Got a message from my tenant this morning that both CO2 alarms in the house went off last night. Fire dept was called and they found 60 ppm upstairs. They also took a measurement outside and found it clean. They advised my tenants to leave the house which they did, and to have the gas utility inspect.
So here’s the thing: The townhouse is all electric. No gas or propane. I called the local gas utility and they refused to come out and inspect because they don’t have a gasline within 2 miles of the house. There’s a couple propane tanks nearby for neighboring complexes but the FD found no outside CO2.
There is a fireplace in the house. I asked if they used it last night and they said yes. I also noticed today that the flue was closed. I asked the tenant about it she said her husband takes care of that and that she didnt know when he closed it. Havnt spoken with him yet. So I think he closed it and went to bed and there were some embers that were still burning which caused the CO2 to leak into the house. CO2 rises with warm air so it makes sense that it would concentrate upstairs.
I stopped by the FD and they agreed with me when they learned there was no gas in the house. I actually spoke with a guy that was on the call.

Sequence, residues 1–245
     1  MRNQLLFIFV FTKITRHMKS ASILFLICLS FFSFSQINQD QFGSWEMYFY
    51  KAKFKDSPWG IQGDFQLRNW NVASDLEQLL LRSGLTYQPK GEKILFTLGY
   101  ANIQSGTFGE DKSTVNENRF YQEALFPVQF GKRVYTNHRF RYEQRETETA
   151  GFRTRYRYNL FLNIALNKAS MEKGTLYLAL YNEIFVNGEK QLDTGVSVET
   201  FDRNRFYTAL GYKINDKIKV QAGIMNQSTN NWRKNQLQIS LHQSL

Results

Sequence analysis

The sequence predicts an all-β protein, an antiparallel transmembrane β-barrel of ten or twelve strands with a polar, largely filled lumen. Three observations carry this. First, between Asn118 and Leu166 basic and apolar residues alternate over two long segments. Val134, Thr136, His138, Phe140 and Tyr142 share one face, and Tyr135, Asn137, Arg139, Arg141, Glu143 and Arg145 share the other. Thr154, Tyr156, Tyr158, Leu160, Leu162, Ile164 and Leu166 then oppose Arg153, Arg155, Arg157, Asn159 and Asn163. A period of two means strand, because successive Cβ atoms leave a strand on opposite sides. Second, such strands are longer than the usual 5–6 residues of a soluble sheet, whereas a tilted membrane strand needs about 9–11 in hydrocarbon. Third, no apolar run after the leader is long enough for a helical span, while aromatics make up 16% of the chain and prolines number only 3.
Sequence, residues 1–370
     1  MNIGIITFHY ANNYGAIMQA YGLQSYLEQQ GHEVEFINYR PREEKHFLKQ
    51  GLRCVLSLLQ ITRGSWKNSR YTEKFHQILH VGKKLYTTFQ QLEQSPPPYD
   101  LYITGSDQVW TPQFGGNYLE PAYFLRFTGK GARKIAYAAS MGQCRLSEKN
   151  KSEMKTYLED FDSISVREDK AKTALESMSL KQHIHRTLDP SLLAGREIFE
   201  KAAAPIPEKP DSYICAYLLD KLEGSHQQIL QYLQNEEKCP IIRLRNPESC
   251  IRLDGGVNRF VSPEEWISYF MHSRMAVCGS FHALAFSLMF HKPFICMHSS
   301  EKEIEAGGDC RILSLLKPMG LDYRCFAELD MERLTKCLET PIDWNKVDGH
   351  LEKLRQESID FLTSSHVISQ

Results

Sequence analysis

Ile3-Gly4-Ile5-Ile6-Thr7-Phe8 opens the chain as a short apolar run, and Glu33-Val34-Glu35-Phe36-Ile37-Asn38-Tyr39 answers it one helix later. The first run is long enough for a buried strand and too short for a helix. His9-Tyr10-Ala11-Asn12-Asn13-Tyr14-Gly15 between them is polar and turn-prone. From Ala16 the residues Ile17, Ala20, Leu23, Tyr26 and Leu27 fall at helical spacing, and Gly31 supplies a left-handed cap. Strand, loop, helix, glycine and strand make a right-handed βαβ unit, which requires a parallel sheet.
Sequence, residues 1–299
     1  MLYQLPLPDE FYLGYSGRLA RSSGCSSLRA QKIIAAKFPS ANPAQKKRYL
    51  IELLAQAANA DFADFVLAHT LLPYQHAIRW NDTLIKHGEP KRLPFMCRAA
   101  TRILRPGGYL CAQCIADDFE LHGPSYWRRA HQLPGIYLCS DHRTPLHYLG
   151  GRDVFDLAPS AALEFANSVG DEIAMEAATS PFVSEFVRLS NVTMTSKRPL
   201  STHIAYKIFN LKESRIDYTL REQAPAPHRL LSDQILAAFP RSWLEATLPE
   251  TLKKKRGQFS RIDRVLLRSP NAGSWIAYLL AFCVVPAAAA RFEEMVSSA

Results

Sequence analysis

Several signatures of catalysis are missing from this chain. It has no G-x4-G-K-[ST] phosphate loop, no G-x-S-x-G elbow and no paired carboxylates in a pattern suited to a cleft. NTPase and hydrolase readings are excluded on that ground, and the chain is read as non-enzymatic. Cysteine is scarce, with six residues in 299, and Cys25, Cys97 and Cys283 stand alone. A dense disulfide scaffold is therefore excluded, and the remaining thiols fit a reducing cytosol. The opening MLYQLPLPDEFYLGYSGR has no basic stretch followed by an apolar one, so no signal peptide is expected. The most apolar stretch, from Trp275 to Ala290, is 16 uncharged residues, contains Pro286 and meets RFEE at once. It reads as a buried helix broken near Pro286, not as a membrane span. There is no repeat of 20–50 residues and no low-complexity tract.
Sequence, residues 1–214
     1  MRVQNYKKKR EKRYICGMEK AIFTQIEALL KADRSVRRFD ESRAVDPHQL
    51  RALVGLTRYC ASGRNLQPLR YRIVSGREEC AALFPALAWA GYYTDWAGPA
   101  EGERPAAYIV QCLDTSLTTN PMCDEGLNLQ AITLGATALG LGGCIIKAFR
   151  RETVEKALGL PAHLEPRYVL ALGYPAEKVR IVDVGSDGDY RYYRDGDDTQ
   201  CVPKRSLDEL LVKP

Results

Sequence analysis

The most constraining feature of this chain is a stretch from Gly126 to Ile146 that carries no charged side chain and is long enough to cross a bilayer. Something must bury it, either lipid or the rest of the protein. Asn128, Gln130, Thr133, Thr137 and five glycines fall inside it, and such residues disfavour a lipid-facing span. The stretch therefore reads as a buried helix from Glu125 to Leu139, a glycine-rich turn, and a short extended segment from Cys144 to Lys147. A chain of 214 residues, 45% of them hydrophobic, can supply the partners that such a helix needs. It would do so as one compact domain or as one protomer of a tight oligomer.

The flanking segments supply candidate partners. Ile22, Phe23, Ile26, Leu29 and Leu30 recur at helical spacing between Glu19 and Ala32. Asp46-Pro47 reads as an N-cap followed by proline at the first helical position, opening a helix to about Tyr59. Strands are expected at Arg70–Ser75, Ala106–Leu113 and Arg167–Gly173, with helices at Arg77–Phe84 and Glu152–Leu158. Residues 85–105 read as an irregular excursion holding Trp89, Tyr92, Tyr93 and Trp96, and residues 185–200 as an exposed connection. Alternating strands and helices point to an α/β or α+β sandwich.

My tenant is still freaked out which I understand but dont know what else to do. I will have the fireplace inspected and cleaned. I’m looking for advice as to what else I should do to:
a. keep them safe
b. make them feel safe
c. cover my butt
I agree with sealing off the fireplaces, but within reason.
With lower income properties, which in Dallas is pretty much any sort of townhome or house rental (that excludes apartments or small condos that are “nice” and in a good part of town) at $800 or less, I would seal off the fireplace. The lower income tenants tend to be less educated and experiened in life, and tend to do more dumb things like leave the fireplace closed or throw gas on the fireplace (IT HAPPENS!)
With middle and especially upper income properties, I would NOT think about sealing off the fireplace. In Dallas if your rent is $1600 a month, which that is on the upper end of my rental property portfolio rate here, sealing off the fireplace would not only look bad on such a property it would turn off potential renters.
The tenants are middle class educated people (she’s an elementary school teacher) in a nice middle class neighborhood but young and obviously not rocket scientists.
I do consider the fireplace a selling point. Many people comment on it when looking at the house, however when they move in they don’t use it much, until these tenants.
I’m looking at this as a customer service situation at this point. I know it was their fault and they are realizing that too so I don’t want to punish them. I just want to be stern with them about the cause and for them to be satisfied rent paying customers moving forward.
I am felling the same. I think, you have to talk to them on this matter but in a natural way so that they didn’t feel embarrass when you discuss it with them.
This is not a big issue that can’t be solved. It just happened accidentally. Make them feel free to talk on this matter. I think, this will work out.